A teen with an eye-watering 54 offences led police on a high-speed chase before his tyre exploded scattering debris over a dual carriageway.
Rio Duncan raced a stolen Astra along pavements and sped down the A2 near Canterbury, evading police before crashing into a grass verge.
Police pursue Duncan through Canterbury in a high-speed chase
Duncan was sentenced to 22 months detention at Canterbury Crown Court yesterday, for what one judge dubbed “the most dangerous” five-minute pursuit.
Judge O’Mahony added car thefts where keys are stolen from homes are on the rise, as vehicle security tightens, making them harder to hotwire.
The drama unfolded when Duncan burgled a home in Tivoli Park Avenue, swiping the owners’ car keys at about 12.30am.
When officers traced the stolen car at 2.10pm the same day, with Duncan behind the wheel, he took off down the A2 after driving on pavements and illegally overtaking cars.
Prosecutor Rio Pahlavanpour explained: “The tyre exploded creating debris on the road, the car continued to swerve.”
The barrister explained Duncan came off the slip road Barham slip-road, lost control, hit a grass traffic island and then spun 360 degrees.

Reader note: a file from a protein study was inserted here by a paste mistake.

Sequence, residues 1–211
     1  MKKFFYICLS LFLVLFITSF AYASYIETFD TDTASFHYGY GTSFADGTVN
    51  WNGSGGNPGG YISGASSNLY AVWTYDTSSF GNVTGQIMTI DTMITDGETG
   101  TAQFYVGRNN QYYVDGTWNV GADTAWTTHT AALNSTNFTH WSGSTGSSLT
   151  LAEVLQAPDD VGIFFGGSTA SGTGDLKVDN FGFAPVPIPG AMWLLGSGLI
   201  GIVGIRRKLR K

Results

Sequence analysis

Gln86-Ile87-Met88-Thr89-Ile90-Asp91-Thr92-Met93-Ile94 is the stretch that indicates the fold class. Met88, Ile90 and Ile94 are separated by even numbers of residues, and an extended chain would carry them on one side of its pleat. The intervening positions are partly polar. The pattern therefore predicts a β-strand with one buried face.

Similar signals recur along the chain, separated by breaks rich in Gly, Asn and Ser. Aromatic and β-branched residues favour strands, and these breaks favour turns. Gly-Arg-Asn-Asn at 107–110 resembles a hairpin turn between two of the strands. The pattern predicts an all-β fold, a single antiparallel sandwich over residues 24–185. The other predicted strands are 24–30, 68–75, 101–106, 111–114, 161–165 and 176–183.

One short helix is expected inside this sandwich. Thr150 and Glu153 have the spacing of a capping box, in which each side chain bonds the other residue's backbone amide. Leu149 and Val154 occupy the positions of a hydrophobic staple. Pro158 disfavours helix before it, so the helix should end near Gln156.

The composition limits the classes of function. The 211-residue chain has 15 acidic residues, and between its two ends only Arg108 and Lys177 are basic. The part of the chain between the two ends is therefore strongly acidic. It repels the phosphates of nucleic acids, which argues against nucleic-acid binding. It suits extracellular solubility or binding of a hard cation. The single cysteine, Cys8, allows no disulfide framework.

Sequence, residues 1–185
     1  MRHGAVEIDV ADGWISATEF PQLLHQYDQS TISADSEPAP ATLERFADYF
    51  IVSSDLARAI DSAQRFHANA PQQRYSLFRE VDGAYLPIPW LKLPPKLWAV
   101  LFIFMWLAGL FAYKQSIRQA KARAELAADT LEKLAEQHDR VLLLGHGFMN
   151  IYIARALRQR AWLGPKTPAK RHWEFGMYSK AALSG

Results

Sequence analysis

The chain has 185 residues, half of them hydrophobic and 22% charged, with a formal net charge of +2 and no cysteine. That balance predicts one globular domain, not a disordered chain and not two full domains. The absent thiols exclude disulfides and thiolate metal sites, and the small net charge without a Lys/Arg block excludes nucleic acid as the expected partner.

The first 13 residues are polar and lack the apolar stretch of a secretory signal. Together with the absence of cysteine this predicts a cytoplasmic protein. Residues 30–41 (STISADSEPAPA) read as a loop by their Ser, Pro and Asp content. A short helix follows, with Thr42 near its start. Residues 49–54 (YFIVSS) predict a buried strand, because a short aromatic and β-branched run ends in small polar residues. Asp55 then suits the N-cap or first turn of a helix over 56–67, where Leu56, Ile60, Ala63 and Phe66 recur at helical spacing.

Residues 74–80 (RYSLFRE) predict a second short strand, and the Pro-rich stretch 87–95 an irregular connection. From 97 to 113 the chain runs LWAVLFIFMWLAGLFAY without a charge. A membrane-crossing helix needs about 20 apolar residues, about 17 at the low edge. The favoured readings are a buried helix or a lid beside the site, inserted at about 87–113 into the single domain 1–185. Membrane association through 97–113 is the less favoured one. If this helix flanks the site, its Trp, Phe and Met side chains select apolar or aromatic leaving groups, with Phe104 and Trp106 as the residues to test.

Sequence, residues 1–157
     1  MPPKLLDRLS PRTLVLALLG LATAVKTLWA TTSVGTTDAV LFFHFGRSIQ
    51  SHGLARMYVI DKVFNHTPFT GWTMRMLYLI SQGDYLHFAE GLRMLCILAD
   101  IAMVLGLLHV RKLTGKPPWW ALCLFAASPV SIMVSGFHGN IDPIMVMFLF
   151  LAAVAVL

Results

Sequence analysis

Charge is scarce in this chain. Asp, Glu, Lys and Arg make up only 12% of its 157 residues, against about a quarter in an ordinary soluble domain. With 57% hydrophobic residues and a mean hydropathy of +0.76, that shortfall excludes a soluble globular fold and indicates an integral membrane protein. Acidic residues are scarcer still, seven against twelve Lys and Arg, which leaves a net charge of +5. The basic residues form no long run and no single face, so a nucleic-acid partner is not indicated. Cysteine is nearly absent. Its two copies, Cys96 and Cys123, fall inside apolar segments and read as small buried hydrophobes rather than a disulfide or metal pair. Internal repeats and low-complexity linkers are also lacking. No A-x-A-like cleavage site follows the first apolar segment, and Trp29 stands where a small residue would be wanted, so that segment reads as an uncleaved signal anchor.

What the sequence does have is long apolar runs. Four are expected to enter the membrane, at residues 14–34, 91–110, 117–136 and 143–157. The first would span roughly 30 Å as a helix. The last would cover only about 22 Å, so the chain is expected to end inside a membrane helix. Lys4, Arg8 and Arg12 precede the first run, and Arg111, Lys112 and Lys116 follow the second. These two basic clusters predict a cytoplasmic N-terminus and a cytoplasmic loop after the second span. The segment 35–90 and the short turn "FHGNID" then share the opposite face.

Firefighters then had to cut Duncan from the car before he was arrested on November 3.
Duncan pleaded guilty to burglary, aggravated vehicle-taking, dangerous driving, and driving without insurance or a licence at a previous hearing.
Mitigating Paul Hogben explained Duncan had an unstable upbringing with a significant amount of different foster parents.
The barrister explained his client has since found a stable home with caring, supportive parents.
Mr Hogben told judge James O’Mahony: “Your honour, it’s a bad record, this was a bad offence.
“The burglary is, of course, serious, the driving was appalling.
“He put his own life at risk, he put other people’s lives at risk.
“He asks you, your honour, through me, to keep it (the sentence) as short as possible.”
“He tells me he is more angry at myself for letting them (his parents) down and letting myself down.”
The judge sympathised with Duncan’s disadvantaged childhood and urged the defendant to accept his parents’ support.
But he emphasised public safety is of paramount importance and scalded the former Folkestone college painting and decorating trainee for “deliberately targeting the premises.”
The judge sentenced Duncan, of Sandyhurst Lane in Ashford, to 22 months in a Young Offenders’ Institute and banned him from driving for 35 months.